Once we have permission of the landowners, someone keeps an eye out to see when the fruit is ripe. Generally this is when it comes off easily in the hand. When it’s ready first job is collecting up windfalls and picking fruit that can be reached from the ground. Commercial orchards often keep their trees short so this is all they need to do. However, with the neglected and wild trees we sometimes encounter, things get even more fun! Often we then get someone safe at climbing to venture up the tree and carefully shake the fruit loose onto tarps or blankets held by people below. Alternatively long picking tools can be bought or made – it really is a lot of fun finding ways to get it down. Making sure we leave enough for the birds and the soil, we sort our bounty into 'firsts' for distribution, 'seconds' for preserving or juicing, and anything else gets composted. In this respect we aim to have zero waste. Finally, after giving the firsts a wash, these are either taken directly, or sometimes stored before distribution, by pedal power where possible. Lovely.
When in full flow this last year we've had a few separate groups out at once harvesting across the city. The best undamaged fruit is gifted freely to Surestart projects, homeless shelters, community cafés many any other places that appreciate it. Often this has travelled less than a few miles and much of this is by trikes and bicycle trailers. We get crates and boxes from fruit and veg shops to transport and store the fruit.
Some of what is not distributed whole gets made into chutneys and jams during preserving workshops. These are another great way that people who don't come harvesting can get involved, and also we've been able to make our own ABUNDANCE preserves! Finally we also press apples and pears to get juice, which is given away at juicing sessions, often serving as fuel for volunteers transporting produce about.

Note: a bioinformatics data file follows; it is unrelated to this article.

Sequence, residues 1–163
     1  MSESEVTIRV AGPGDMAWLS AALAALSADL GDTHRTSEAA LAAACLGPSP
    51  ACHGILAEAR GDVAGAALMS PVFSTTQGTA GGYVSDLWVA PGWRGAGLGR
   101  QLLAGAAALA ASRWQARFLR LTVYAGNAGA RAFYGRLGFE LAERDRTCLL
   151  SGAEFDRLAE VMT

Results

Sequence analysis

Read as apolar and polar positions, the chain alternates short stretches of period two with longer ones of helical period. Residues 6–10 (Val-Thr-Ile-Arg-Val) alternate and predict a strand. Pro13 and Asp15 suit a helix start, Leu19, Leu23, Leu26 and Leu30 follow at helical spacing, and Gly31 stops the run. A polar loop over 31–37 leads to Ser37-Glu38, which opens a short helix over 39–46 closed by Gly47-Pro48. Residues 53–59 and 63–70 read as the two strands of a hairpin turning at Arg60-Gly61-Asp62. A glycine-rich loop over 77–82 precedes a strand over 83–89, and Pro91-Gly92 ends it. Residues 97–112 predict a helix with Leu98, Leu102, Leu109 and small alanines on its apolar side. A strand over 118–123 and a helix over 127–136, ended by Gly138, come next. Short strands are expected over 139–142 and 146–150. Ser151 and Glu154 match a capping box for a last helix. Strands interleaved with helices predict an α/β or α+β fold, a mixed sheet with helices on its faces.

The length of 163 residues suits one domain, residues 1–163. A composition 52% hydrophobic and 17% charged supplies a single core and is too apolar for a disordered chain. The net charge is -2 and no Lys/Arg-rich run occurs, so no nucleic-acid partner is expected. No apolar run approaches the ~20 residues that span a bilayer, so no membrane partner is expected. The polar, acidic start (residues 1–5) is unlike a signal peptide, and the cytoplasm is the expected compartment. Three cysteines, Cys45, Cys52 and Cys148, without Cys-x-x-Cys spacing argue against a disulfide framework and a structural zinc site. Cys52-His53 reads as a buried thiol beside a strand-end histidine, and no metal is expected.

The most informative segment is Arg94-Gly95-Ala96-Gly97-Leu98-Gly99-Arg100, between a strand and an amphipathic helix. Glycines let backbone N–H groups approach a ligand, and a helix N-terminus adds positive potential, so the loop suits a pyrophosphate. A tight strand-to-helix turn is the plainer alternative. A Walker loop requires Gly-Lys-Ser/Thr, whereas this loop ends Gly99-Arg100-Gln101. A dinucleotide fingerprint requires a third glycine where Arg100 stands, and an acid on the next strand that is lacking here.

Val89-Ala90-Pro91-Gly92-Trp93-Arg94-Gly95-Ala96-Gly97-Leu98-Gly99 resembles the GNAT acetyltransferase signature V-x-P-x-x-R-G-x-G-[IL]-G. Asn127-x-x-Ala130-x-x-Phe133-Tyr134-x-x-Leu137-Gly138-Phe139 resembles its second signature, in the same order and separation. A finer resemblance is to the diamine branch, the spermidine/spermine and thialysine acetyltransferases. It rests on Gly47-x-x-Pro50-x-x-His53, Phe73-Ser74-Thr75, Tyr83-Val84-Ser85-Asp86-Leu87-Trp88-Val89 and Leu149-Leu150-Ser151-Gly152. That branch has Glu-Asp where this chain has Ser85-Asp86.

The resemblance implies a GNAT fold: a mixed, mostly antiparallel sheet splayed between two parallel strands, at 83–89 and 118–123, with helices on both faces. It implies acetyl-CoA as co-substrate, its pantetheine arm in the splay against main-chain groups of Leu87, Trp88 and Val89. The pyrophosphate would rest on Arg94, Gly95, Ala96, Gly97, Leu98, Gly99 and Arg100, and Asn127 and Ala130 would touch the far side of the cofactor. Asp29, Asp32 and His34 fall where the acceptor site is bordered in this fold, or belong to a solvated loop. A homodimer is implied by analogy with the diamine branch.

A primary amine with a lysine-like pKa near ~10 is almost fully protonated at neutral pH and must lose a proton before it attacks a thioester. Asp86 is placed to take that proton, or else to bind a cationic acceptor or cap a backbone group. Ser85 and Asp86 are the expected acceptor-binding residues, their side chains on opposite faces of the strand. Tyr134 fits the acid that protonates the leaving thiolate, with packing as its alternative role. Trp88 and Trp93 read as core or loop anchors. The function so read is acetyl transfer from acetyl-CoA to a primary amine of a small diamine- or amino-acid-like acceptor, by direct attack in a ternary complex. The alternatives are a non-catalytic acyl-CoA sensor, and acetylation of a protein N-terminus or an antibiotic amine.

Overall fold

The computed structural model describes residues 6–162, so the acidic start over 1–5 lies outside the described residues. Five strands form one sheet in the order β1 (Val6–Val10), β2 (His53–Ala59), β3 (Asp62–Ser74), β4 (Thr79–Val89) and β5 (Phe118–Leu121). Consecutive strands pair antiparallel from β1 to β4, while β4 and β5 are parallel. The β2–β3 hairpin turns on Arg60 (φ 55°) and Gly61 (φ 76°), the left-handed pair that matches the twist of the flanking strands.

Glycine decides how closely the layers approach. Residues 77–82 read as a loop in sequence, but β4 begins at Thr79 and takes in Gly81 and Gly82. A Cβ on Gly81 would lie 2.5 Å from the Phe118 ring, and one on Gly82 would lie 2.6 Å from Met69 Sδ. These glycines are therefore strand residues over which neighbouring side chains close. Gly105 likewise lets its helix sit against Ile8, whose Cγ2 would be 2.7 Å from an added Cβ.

In Sheffield we have had a free fruit stall in town, and also an interactive exhibition and free fruit shop hosted by ENCOUNTERS, which was a really rewarding way of engaging with people in the community not involved with the project.
Throughout the winter months, volunteers have been also able to learn practical skills including pruning. Through this process we are caring for those trees that provide us with their produce, and gaining an understanding of the processes involved in food production. We are also starting to learn skills such as grafting, and perhaps we can start planting more trees where there is space.
The people in the city who volunteer, donate and receive the fruit, are able to connect with the local landscape, and each other, through the food it produces. This educational aspect of ABUNDANCE is a really exciting part of the process, since we have been able to connect with so many people on an environmental, political and cultural level, just through the simple process of collecting and sharing fruit that would otherwise go to waste.
With most of the fruit and vegetables eaten in the UK still being imported, discovering that Sheffield is one big orchard really makes you wonder. We have found dozens of varieties of apple, pear, plum, quince and even some peaches growing in the city. So why does so much of our food still depend on oil-based farming systems, with so much 'fresh' produce getting shipped across the world
We are seeing more and more similar projects springing up across the country: people in communities helping each other to pick and use that which is already being produced at as local a level as is possible. It is inspiring and also interesting to see what might happen next. . .